Networks smack, TV Guide dishes
It's February, a sweeps-ratings month, and TV network programmers are locked in their own version of "WWF Smackdown!"
Pow! NBC tries to cash in on the game-show craze with "Twenty-One." Wham! ABC body slams 'em by running "Who Wants to be a Millionaire" at the same time, pinning "Twenty-One" to the ratings mat.
One great place to be as TV outlets struggle to wrestle viewers from each other - or from competing video pastimes like computers, games, and DVDs (see story at right) - may be on the sidelines, calling all the action.
That's the theory behind the TV Guide Channel, anyway. If you have cable TV, there's a good chance you have it; some 53 million homes do. It's that screen where the TV listings scroll across the bottom half while commercials and entertainment news fill the top.
The channel is proud of those scrolling listings: They must be carefully customized for each local system's channel lineup. Recently, they've been color-coded to more easily distinguish between types of programs (red for sports, green for movies, etc.).
But it's the top half of the screen that Pam McKissick, the president of TV Guide Networks, wanted to chat about in a phone call earlier this week.
The bottom of the screen "tells you what's on TV," but the top "takes you inside TV," Ms. McKissick says. To do this, she has beefed up the content, adding a "Music News" segment (with Katie Wagner, daughter of actor Robert Wagner), "Sports View," and "Celebrity Chat." "Chat" uses TV Guide's Web site (www.tvguide.com) to solicit questions from viewers about their favorite stars. The celebrities are then asked the questions in interviews on the channel.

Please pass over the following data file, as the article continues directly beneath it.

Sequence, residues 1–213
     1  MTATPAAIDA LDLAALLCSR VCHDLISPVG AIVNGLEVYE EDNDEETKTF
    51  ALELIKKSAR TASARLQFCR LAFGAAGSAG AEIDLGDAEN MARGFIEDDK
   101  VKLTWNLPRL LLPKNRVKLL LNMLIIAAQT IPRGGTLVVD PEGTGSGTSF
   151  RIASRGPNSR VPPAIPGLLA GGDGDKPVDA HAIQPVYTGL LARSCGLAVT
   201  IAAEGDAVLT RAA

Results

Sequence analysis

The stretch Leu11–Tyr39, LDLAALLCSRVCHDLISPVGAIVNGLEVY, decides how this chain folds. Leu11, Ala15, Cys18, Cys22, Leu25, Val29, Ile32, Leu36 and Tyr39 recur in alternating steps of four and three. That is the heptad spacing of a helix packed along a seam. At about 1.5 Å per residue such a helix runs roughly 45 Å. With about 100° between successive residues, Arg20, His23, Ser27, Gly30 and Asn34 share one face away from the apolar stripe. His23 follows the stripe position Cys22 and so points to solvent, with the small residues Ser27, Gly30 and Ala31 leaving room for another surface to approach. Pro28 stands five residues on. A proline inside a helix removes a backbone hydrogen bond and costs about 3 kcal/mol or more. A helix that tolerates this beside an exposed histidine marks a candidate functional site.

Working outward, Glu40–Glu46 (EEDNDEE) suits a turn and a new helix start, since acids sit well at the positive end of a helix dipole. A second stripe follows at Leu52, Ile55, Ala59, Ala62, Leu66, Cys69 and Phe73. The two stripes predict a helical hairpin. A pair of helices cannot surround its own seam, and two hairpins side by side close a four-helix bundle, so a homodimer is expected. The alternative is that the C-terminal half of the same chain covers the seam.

In the future, McKissick wants to add an "Around Town" feature that would tell viewers about events of interest in their local areas.
Doesn't she worry that all these on-screen features might cause some of the 11 million subscribers to the parent TV Guide magazine to cancel?
Not at all. The magazine is for plan-ahead types; the channel is for "spontaneous viewers" who are clicking around for something to watch. The channel gets some viewers who check them first and others that click over during commercials or when they tire of the show they're watching. The "fun" top-half features, McKissick hopes, will make them want to stick around awhile.
A new poll shows Americans choosing to get less and less news from network TV. In 1996, 39 percent of Americans said the networks were their primary source of election news. Last month, that figure was only 24 percent, according to a poll by the Pew Research Center (www.people-press.org). Other big losers were newspapers (down from 48 percent to 31 percent), radio, and local TV news. Up were cable TV (from 23 percent to 31 percent) and the Internet (from 2 to 6 percent).
Both the Pew poll and another published in the March edition of Brill's Content magazine show a trend some may find disturbing: Many people rely on the jokes of late-night comedians for their news. Brill's says 13 percent of Americans rely on David Letterman or Jay Leno to keep them informed on current events. The Pew poll says 16 percent regularly get news about political candidates from comedy shows like "Saturday Night Live."
So, who's the joke on here?
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